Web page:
After a wheelie bin in TechEye’s front garden in Oxford wasn’t picked up, we called the council to ask why.
The council said that we didn’t have the bin in the right place for collection and supplied photos showing how we’d offended. We hadn’t, by the way.
Our FOI request asked Oxford City Council which Act of Parliament authorised the filming of people’s houses; how long the footage was kept; whether employees were aware they were being filmed; and whether the information was shared with other authorities internally and externally.
We received the answers to those questions today.
The council said:
1. There is no specific legislation preventing the CCTV recording of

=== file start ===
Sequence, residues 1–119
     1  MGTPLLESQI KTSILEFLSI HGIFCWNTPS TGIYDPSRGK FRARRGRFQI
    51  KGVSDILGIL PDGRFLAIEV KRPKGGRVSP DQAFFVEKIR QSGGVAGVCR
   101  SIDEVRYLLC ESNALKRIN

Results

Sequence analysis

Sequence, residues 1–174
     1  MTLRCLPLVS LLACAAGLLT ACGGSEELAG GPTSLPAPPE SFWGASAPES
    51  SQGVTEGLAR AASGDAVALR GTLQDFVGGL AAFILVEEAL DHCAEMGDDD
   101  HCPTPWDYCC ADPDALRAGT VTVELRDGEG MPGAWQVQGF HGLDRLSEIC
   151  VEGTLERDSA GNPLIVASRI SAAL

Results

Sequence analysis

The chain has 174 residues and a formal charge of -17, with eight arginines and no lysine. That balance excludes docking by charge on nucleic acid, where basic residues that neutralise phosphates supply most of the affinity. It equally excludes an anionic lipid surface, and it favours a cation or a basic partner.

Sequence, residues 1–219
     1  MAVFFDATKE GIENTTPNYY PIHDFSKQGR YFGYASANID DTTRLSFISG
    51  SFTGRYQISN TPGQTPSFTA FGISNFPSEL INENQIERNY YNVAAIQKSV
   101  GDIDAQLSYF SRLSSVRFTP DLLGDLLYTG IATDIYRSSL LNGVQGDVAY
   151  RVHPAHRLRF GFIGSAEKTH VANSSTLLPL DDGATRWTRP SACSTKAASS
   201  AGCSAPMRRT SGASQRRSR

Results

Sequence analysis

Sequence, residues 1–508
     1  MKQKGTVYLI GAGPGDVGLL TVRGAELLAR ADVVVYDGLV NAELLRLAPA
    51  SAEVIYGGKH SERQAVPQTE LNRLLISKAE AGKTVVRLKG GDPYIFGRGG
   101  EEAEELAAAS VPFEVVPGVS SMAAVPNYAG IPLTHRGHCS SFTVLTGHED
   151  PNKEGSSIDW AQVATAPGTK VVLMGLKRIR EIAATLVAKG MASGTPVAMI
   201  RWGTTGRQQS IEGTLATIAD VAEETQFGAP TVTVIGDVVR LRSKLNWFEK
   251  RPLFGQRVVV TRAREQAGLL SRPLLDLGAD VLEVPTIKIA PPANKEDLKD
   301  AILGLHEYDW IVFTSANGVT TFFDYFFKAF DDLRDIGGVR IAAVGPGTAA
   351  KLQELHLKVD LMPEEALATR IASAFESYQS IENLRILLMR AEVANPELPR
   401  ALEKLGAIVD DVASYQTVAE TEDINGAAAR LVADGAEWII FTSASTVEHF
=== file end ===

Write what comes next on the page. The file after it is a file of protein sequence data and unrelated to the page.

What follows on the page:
private property taken from public places (in this case the public
highway). The system is operated in accordance with all the requirements
and the principles of the Human Rights Act 1998, and the Data Protection
2. The footage is stored on a hard drive in the vehicle and the image
storage time does fluctuate, but is generally around 8 weeks.
3. Yes. Staff are fully aware that they are being filmed. A full
consultation with the Unions was undertaken before the cameras were
installed on our vehicles.
4. No. The system is operated in accordance with all the requirements
and the principles of the Human Rights Act 1998 and the Data Protection
Act 1998 and therefore, has the potential for images to be released, on
request, to the police and/or other agencies.
So there you have it. Your binmen and the council are watching you.